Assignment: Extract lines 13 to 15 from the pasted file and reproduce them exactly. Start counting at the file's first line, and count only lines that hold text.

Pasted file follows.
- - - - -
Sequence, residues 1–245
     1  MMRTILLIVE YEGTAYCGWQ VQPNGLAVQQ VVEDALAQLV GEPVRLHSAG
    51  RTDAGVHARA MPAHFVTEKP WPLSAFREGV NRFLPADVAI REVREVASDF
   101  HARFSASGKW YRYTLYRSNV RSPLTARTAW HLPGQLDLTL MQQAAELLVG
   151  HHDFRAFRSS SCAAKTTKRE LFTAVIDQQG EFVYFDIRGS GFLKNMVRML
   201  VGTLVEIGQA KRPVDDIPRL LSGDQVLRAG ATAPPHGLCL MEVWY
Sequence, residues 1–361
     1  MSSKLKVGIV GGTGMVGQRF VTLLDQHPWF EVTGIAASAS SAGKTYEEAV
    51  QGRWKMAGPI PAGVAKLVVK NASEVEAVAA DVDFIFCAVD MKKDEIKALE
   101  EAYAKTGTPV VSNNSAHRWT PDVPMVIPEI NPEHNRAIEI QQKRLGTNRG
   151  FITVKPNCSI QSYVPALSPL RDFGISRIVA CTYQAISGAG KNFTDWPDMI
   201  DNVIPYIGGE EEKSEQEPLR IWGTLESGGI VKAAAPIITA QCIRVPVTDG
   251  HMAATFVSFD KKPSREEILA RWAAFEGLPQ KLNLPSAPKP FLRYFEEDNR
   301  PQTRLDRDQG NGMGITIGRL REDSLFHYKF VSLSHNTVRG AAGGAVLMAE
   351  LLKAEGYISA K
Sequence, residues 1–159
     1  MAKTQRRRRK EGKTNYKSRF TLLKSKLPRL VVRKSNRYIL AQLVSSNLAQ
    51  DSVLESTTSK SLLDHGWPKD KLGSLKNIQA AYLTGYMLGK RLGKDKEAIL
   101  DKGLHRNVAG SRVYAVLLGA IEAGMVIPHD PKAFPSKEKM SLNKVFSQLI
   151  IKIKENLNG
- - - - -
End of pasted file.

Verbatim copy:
   251  HMAATFVSFD KKPSREEILA RWAAFEGLPQ KLNLPSAPKP FLRYFEEDNR
   301  PQTRLDRDQG NGMGITIGRL REDSLFHYKF VSLSHNTVRG AAGGAVLMAE
   351  LLKAEGYISA K